12

Find out who inherited his copyright, and ask them for permission. If he's long dead, his copyright may have expired and the work entered the public domain, but this period depends on governing law, jurisdiction, and numerous other variables. A century since the death of the author is probably a safe buffer but not infallible (and gets riskier the more ...


12

The unexpected death of someone close to you is a tough situation; more than that, it is one of the archetypical tough situations throughout human history. The obvious -- but not easy -- general answer is that you need to either become more self-reliant, find other people to satisfy the needs and desires that were being met by the departed party, or some of ...


11

First off, I am so sorry for your loss. Disclaimer, my field is not mathematics. That being said, adviser plays a dual role, expert and mentor. In their technical expert role, he or she works closely with you to guide you through the difficult problems. In their mentoring role, they take care of you being motivated, dealing with the stress, advise on how ...


11

This is without doubt a tragic situation. However, it is not an insurmountable problem. As you suggested, the important thing is to allow both the grieving process and the research to continue at their appropriate paces. Without the room to understand and deal with what's happened, the research can't really go as it's supposed to, and the work is needed to ...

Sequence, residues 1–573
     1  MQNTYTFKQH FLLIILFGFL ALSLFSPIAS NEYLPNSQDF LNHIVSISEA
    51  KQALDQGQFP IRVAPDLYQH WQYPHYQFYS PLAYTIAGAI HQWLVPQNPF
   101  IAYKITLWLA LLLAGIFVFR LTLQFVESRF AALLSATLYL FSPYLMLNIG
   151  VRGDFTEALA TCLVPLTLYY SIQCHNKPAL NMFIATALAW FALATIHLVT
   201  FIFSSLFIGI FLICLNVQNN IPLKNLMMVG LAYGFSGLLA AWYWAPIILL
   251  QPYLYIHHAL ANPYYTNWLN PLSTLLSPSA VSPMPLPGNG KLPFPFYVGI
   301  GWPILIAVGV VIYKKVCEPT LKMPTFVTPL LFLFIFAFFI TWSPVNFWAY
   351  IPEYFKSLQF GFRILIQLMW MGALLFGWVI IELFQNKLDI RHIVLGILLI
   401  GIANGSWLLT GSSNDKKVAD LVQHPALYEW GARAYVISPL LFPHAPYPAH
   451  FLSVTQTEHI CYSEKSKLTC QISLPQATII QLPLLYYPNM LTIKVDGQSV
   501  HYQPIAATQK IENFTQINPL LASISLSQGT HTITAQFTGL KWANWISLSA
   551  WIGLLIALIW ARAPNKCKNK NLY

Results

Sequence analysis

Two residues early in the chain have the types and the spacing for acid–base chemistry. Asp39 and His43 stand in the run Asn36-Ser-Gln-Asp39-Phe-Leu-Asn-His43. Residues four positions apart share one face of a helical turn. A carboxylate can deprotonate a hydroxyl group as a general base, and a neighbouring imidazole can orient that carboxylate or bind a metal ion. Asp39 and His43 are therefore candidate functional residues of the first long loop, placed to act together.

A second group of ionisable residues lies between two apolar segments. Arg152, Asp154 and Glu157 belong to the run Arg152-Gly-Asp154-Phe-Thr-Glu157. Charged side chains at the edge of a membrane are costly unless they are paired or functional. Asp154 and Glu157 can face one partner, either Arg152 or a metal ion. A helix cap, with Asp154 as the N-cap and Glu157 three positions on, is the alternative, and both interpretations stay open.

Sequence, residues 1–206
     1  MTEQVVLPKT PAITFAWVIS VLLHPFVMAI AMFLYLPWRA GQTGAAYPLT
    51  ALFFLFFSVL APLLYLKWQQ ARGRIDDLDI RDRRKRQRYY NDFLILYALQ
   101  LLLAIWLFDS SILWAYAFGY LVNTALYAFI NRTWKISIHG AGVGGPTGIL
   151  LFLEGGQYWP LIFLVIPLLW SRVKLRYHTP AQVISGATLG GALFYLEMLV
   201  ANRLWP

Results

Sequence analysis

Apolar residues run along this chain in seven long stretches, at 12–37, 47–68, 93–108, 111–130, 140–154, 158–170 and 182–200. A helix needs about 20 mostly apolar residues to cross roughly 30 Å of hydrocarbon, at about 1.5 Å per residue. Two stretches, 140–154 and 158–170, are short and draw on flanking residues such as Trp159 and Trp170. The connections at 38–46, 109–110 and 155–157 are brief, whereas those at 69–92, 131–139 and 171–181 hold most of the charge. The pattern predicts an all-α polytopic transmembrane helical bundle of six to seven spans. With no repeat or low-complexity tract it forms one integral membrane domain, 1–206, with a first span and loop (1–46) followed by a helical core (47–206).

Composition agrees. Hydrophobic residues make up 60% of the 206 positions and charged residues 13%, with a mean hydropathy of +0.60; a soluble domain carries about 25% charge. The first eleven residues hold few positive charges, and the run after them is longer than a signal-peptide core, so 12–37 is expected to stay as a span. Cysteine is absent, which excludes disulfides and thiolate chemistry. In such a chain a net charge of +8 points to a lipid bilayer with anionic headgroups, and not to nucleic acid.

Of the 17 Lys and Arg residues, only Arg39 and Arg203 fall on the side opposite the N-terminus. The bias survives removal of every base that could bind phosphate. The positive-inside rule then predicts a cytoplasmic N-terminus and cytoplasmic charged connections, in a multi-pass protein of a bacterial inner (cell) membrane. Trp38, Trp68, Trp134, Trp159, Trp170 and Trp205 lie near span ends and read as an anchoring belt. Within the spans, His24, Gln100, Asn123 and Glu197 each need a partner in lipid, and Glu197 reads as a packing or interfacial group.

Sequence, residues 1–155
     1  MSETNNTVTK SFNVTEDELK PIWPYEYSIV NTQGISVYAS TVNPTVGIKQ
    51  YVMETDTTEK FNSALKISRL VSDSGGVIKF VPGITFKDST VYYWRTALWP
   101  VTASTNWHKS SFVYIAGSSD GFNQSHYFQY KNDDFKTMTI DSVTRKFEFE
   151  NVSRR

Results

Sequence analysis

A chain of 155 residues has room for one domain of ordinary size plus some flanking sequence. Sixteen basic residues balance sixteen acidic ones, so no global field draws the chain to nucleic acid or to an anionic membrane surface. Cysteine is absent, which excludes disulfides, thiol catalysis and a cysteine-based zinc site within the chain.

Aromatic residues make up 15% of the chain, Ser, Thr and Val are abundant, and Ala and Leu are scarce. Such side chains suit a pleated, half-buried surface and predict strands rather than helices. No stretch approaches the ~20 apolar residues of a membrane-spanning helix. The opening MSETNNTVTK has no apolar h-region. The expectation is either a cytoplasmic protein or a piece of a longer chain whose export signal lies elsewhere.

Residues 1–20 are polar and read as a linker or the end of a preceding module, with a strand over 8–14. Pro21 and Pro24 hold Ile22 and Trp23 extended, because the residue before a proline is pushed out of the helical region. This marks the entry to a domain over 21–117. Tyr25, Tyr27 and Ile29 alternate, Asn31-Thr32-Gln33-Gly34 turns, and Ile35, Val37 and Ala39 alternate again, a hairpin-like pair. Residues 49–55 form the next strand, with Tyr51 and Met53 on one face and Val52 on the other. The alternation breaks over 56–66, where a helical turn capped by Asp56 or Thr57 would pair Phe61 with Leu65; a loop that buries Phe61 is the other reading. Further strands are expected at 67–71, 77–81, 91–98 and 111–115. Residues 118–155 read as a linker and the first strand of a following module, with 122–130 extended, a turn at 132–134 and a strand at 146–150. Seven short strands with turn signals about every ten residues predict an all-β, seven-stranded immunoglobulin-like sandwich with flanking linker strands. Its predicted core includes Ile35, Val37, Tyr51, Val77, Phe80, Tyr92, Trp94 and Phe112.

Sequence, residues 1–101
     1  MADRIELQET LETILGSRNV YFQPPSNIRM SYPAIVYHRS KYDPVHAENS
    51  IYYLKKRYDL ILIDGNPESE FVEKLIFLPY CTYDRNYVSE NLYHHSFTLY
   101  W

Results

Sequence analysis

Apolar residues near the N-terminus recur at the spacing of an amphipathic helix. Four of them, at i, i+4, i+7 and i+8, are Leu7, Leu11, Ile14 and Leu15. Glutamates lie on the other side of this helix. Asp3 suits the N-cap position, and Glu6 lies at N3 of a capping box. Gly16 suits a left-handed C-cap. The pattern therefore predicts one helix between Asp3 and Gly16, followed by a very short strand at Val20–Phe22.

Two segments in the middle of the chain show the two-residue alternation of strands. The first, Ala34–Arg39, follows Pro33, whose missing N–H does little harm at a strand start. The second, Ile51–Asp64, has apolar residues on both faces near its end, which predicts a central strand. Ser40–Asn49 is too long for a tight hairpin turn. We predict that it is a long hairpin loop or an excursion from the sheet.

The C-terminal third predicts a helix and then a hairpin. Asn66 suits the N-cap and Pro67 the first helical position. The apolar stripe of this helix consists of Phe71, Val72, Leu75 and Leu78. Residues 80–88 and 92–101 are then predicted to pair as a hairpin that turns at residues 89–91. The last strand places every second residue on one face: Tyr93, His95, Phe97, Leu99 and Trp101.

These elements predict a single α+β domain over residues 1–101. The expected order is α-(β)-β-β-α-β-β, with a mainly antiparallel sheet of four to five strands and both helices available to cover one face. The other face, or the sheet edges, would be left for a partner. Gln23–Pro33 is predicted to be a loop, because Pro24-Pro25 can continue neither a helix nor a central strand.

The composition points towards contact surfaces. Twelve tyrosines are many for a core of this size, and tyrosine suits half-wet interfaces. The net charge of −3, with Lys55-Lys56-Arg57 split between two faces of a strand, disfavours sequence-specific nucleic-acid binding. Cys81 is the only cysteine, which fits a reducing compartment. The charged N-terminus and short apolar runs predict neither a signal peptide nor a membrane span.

10

Maybe someone else in the department can supervise your work and maybe they can't--the fact is that they won't, and that's what you have to work with. My (pessimistic) gut feeling is that the department head has essentially written you off as collateral damage. He's willing to push you through for a completion because that's good for the department, but he ...


10

(My personal take on this matter - which is only based on intuition/opinion rather than experience): When you're about to publish such a paper, ask yourself: "How certain am I that the deceased would have put their name on the paper?" If the answer is "certain", go ahead and name them a co-author. But - explain that the attribution is posthumous, both in a ...


10

There won't be any standard way for this to be handled, and it's not really up to you, directly. You'll need to discuss this with the editor; I'm sure they will work with you to make this not an issue, perhaps either by having the other coauthors speak for the deceased or simply waiving the requirement. How to acknowledge a deceased advisor’s contributions ...


9

The social etiquette of acknowledgments sections vary from school to school. It would never be rude or disrespectful. I thanked family and friends in mine - and made reference to an internal lab jokee. Check previous theses to get an indication of etiquette in your school, but I don't see any reason this would be inappropriate.


9

In my country we put a frame, with the name and surname inside the rectangle. This means that the author died in the process of creation.


9

There may be laws that govern this, though laws vary from place to place. Normally he would have to give permission and that "right" may legally have passed to his heirs. You would do well to contact someone responsible for his estate and take up the question with them. But since he never gave permission, you don't have permission, yet, to include ...